We're just checking to see if the page has a layout attribute of "page", and if so, we alter the basePath variable and pass it in when creating the slug. We also need to check for the layout when creating the date node, since we don't need it in this case:

if (node.frontmatter.layout !== "page") {
  createNodeField({
    node,
    name: "date",
    value: moment(date).format("DD MMMM, YYYY")
  });
}

Now currently the GraphQL query for createPages gets both the posts and the pages. We need to make two queries, one for the posts, one for the pages. we need some extra info when creating the pages. So give the "posts" query a name:

posts: allMarkdownRemark(

(This means we need to rename the object of the createPaginatedPages and map methods underneath, from allMarkdownRemark to posts.) Then under that create a new query called "pages":

pages: allMarkdownRemark(
  sort: { fields: [fileAbsolutePath], order: DESC }
  filter: { frontmatter: { published: { eq: true }, layout: { eq: "page" } } }
) {
  edges {
    node {
      fields {
        title
        slug
      }
    }
  }
}

This is almost exactly the same as "posts", except that it filters for pages with the "page" layout attribute in the front matter. The final step here is to map over the results of the query and create the pages, passing a different template, page.js:

result.data.pages.edges.map(({ node }) => {
  createPage({
    path: node.fields.slug,
    component: path.resolve("./src/templates/page.js")
  });
});

Now we have the pages we can link to them in our sidebar. I make the query in layouts/index.js and pass the result to the sidebar component:

allMarkdownRemark(
  sort: { fields:  [frontmatter___title]}
  filter: { frontmatter: { layout: { eq: "page" } } }
) {
  edges {
    node {
      fields {
        title
        slug
      }
    }
  }
}

With the filter I only get the pages with a "page" layout. Then I pass them to the sidebar component:

<Sidebar
  title={data.site.siteMetadata.title}
  description={data.site.siteMetadata.description}
  pages={data.allMarkdownRemark.edges}
/>

In Sidebar.js I just need to map over them and display a link:

{pages.map((page, idx) => {
  return (
    <Link
      className="sidebar-nav-item"
      to={page.node.fields.slug}
      key={idx}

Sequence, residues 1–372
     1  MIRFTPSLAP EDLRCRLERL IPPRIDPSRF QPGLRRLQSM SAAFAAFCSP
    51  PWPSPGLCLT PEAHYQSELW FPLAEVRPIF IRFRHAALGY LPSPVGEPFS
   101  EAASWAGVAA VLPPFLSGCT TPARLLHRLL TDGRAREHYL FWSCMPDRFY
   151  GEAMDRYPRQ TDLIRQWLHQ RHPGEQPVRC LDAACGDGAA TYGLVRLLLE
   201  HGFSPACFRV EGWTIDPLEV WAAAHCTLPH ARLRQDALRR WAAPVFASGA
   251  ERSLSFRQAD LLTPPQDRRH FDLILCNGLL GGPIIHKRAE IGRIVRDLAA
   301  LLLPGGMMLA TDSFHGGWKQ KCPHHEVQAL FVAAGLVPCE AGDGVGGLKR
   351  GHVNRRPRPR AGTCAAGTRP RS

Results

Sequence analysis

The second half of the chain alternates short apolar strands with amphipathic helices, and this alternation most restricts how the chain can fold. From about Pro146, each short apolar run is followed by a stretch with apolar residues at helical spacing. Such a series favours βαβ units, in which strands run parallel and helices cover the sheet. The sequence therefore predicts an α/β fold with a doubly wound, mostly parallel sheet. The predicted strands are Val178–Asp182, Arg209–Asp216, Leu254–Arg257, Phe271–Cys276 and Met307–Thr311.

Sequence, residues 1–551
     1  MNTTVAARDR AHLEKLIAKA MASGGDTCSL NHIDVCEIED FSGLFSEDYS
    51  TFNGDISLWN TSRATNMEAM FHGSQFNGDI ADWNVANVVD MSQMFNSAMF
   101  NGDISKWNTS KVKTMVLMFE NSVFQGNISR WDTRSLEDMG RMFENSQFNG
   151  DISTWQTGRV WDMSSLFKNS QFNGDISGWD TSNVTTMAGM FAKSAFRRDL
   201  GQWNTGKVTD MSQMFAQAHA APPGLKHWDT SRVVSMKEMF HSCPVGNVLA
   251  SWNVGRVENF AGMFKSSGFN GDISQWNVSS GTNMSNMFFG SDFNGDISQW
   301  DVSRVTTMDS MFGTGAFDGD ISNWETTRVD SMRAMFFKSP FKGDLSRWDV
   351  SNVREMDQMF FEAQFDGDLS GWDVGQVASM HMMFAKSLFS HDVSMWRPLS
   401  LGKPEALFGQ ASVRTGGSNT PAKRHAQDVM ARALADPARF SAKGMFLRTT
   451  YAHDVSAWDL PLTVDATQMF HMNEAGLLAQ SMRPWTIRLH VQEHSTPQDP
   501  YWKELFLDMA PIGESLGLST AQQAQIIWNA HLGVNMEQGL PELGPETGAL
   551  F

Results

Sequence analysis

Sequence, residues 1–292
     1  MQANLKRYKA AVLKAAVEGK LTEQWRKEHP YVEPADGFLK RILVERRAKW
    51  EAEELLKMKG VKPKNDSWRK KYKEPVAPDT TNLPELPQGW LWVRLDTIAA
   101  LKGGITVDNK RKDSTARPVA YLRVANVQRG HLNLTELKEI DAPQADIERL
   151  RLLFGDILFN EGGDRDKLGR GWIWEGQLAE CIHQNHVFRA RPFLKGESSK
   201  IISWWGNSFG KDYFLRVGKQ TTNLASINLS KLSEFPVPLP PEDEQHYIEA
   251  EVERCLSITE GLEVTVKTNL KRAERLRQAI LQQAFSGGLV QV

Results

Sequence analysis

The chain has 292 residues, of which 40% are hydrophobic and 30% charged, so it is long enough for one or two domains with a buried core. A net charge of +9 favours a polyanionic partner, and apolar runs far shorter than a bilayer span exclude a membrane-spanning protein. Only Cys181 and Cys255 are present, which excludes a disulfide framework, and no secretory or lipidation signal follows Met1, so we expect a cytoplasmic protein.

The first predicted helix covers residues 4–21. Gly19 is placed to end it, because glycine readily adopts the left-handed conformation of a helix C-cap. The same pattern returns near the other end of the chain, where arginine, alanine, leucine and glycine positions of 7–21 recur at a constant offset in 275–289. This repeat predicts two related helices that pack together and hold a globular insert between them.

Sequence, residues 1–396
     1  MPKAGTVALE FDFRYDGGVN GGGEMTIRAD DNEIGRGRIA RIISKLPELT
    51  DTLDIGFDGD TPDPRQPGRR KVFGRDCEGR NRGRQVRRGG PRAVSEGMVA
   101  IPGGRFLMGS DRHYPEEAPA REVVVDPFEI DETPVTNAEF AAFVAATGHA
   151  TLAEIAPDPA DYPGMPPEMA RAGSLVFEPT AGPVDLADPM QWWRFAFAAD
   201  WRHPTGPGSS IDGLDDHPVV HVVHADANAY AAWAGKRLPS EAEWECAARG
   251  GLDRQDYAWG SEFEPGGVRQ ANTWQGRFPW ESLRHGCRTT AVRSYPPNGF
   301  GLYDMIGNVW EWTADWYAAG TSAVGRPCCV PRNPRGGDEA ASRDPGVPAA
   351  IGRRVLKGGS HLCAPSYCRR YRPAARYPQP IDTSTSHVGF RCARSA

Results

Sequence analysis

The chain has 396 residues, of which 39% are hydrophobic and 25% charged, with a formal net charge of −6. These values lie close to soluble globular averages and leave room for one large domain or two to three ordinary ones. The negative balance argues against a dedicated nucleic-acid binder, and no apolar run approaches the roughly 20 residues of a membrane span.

>
      {page.node.fields.title}
    </Link>
  );
})}

The final step is to create the page template, templates/page.js:

export default ({ data }) => {
  const page = data.markdownRemark;
  return (
    <div>
      <h1 className="page-title">{page.fields.title}</h1>
      <div dangerouslySetInnerHTML={{ __html: page.html}} />
    </div>
  );
};

export const query = graphql`
  query PageQuery($slug: String!) {
    markdownRemark(fields: { slug: { eq: $slug } }) {
      html
      fields {
        title
      }
    }
  }
`;

It's basically a much simpler version of post.js, since we only want the title and html fields.

Related Posts

Since what Jekyll calls "Related Posts" is actually just "Recent Posts", I decided to ditch it in favour of "previous / next post" links. We can get the previous and next posts in our GraphQL query in gatsby-node.js. (Much of this is derived from Ian Sinnott's gatsby-node.js):

next{
  fields {
    title
    slug
  }
}
previous {
  fields {
    title
    slug
  }
}

and pass them in the context (swapping them around, since "next" gives us an older post):

createPage({
  path: node.fields.slug,
  component: path.resolve("./src/templates/post.js"),
  context: {
    slug: node.fields.slug,
    prev: next,
    next: previous
  }
});

Now we have the previous and next results we can display the links accordingly in post.js:

<div className="related">
  {pathContext.prev ? (
    <div>
      <h3>
        Previous:{" "}
        <Link to={pathContext.prev.fields.slug}>
          {pathContext.prev.fields.title}
        </Link>
      </h3>
    </div>
  ) : null}
  {pathContext.next ? (
    <div>
      <h3>
        Next:{" "}
        <Link to={pathContext.next.fields.slug}>
          {pathContext.next.fields.title}
        </Link>
      </h3>
    </div>
  ) : null}
</div>

Full source code.